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Dyck Paths

By Cali G, Published on Fri 18 October 2019
Category: Symmetric functions

A Dyck path has two equivalent definitions. For both of them, we start by looking at and constructing a path which starts at .

Two Definitions

Definition 1: A Dyck path in is a path from to which takes only north and east steps and that never crosses the diagonal. The best way to see this is through an example.

Definition 2: A Dyck path in is a path from to which takes only north-east steps and south-east steps which never cross the line. Taking the same example as before, we have.


One of the most common statistics that we place on Dyck paths is area. Let be a Dyck path and draw the Dyck path as we did in our first definition. For each row in (bottom row is row ) we can count the number of full boxes between the diagonal and the Dyck path. This gives us a number which we denote by .

In our example above we have To see this more closely, notice that since there are two full boxes to the right of the path and to the left of the diagonal:

To get the area of the Dyck path, it suffices to sum up all the :

In our example,

Distribution using area

We can look at the distribution of Dyck paths using previous Dyck paths thanks to Carlitz and Riordan. They showed the following theorem.

Theorem [CR64]

Let's look at an example of this. We'll try and find . First let's calculate the distribution using area. There are possible Dyck paths where and these are given by: So we should find:

Let's now try and use the second summation. We have: In essence, we need to calculate , , and . We can calculate these using either method, but since there are only a few of these (only Dyck path in and and only in ) it's easier to just look at the areas.

There is only one Dyck path from to and it has area. Therefore Similarly, there is only one Dyck path from to and it has area. Therefore Finally, there are only two Dyck paths from to : Since one has area and one has area therefore:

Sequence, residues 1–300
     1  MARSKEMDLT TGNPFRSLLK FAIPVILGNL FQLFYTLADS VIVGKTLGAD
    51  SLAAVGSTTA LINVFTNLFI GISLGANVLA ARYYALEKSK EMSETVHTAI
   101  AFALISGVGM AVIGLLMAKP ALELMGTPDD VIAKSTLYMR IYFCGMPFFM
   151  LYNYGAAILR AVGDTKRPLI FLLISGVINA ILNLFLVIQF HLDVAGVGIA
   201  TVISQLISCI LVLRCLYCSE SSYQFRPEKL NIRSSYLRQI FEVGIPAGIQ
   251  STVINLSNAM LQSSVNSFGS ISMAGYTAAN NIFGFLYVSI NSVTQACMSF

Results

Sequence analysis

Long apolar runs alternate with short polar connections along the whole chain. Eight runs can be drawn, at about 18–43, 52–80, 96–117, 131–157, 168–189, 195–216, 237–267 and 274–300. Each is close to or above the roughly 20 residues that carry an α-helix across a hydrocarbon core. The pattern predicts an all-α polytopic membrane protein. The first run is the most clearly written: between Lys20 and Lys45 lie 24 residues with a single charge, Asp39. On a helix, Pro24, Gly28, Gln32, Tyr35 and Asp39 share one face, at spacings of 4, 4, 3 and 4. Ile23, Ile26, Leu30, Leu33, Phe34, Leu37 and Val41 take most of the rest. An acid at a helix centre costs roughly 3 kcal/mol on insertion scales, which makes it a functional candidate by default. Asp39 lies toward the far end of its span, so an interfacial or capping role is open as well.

Finally: Which is the same as earlier.

Distribution using major index

We next look at how to assign to each Dyck path a major index and count the number of Dyck paths with a certain major index.

Recall that given a sequence of number , then the major index is given by:

As an example, if then , , , etc. and since and , then .

Thanks to MacMahon, we know the distribution of the Dyck paths relative to their major indices. To view this, we must first show how to go from a Dyck path to a sequence of numbers. For this, we look at the first definition of a Dyck path and start from . For each th step, if we go north then we let else we let . We let denote this number sequence of a Dyck path .

As an example, suppose we have the Dyck path from before: Now notice that, starting from we first go north 3 times, then east, then north, etc. This means that we have the following number sequence:

Theorem [Mac60]


Let's look at a full distribution when . We have different Dyck paths that are possible for which I've placed the word associated to it on the right

This gives us the following major indices: In other words:

On the other hand:


  • [CR64] L. Carlitz, J. Riordan, Two element lattice permutation numbers and their $q$-generalization, Duke Math J. [31]-3 (1964), 371-388.
  • [Mac60] P.A MacMahon, Combinatory analysis, Two volumes (bound as one), Chelsea Publishing Co., New York., 1960.